Sunday, July 06, 2008

William Holden Retrospective

The Lincoln Center Film Society is celebrating the career of Hollywood "Golden Boy" William Holden. There is a nice article at the museum of moving image website too which explains what made him a little different from his contemporary actors, even those who specialised in playing unlikable leading men and anti-heroes, like Robert Mitchum, Kirk Douglas (Ace in the Hole), Montgomery Clift (The Heiress, A Place in the Sun).

Such is the nature of our intimate, carking, rueful relationship with William Holden, on the surface one of the Hollywood century's typical all-purpose leading men, but beneath it the keeper of poisoned secrets, and a living embodiment of America's postwar self-doubt and idealistic failure. He seethed with disappointment as a persona, and we all knew what he meant. Holden was the anti-Duke, an avatar of hopelessness, shrouded in the smiling physique of an all-American boyo. For every high school football star turned pot-bellied gym teacher, every prom queen turned food-stamp mom, and every good-hearted B student turned Cracker Barrel waiter, Holden was the walking, talking, growling truth, in a sea of showbiz lies.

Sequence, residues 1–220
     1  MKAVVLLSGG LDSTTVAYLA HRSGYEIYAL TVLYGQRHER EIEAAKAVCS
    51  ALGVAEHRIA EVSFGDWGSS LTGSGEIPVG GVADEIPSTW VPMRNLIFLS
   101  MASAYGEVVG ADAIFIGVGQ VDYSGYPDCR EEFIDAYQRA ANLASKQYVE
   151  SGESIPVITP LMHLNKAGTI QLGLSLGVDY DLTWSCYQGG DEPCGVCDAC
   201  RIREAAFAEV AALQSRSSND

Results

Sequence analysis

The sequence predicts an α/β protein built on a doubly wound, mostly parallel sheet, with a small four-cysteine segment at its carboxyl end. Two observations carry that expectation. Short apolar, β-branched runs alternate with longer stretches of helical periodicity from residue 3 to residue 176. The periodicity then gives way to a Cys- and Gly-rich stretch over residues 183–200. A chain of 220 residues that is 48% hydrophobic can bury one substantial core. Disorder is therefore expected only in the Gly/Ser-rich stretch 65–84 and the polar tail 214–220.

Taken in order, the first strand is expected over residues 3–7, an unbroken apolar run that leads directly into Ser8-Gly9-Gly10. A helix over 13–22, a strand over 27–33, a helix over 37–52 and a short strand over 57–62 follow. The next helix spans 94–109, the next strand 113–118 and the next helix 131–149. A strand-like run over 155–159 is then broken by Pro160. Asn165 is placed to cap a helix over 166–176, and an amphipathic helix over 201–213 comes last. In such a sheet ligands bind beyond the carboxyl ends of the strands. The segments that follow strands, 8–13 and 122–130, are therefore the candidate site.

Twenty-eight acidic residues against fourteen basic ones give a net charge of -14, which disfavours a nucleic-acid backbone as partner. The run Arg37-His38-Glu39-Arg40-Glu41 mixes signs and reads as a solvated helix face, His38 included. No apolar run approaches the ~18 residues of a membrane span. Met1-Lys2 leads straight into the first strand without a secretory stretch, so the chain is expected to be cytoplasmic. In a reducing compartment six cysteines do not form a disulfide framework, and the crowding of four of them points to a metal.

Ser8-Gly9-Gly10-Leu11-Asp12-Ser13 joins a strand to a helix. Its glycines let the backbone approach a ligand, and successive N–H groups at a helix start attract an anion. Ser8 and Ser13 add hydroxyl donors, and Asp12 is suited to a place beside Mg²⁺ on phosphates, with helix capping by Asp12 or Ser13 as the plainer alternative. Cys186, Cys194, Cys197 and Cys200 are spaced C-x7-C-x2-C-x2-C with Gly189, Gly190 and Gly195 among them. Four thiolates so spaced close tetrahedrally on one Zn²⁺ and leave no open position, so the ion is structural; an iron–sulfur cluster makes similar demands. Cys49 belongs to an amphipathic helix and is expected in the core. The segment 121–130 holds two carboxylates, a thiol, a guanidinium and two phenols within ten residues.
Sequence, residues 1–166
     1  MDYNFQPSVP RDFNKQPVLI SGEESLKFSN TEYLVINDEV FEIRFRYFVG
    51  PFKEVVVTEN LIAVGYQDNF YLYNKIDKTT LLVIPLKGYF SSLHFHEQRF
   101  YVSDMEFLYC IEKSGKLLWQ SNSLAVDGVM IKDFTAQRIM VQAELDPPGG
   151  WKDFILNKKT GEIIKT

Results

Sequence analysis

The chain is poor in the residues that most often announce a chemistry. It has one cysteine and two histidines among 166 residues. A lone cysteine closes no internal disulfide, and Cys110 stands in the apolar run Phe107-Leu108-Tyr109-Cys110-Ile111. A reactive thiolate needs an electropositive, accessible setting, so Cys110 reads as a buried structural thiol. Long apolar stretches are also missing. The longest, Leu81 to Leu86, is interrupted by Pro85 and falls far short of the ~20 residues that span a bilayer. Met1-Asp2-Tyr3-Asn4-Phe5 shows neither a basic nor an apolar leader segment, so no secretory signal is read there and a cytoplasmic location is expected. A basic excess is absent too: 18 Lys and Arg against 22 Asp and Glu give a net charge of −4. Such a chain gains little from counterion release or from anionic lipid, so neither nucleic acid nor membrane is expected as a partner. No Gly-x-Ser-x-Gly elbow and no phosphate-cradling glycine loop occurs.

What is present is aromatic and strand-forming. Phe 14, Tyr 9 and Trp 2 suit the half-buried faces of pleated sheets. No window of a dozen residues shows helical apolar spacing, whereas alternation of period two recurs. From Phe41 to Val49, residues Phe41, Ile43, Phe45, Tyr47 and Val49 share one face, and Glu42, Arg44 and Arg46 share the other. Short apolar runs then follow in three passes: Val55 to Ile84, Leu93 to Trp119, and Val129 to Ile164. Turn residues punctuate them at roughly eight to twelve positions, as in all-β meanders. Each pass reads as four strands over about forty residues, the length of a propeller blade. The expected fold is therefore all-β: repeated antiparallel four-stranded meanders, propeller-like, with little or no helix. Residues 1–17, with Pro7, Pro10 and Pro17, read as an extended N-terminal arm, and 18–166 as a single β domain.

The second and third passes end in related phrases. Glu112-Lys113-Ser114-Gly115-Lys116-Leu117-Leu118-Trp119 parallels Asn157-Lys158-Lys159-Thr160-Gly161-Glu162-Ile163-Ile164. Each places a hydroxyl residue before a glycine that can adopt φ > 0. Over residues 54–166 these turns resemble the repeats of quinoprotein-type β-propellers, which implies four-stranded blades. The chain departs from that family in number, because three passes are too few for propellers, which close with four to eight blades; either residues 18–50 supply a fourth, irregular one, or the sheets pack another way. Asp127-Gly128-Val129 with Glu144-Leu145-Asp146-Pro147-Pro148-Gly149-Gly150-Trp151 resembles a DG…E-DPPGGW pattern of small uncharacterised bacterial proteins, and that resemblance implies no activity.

He played lots of normal characters too but I guess the "Joe Gillis" persona from Sunset Blvd is what has stuck with him.

I haven't seen a lot of his films yet, specially The Wild Bunch one of his most famous films.

Here is a video report on the retrospective...

1 comment:

km said...

The man was a real star (but not a very happy man, apparently.)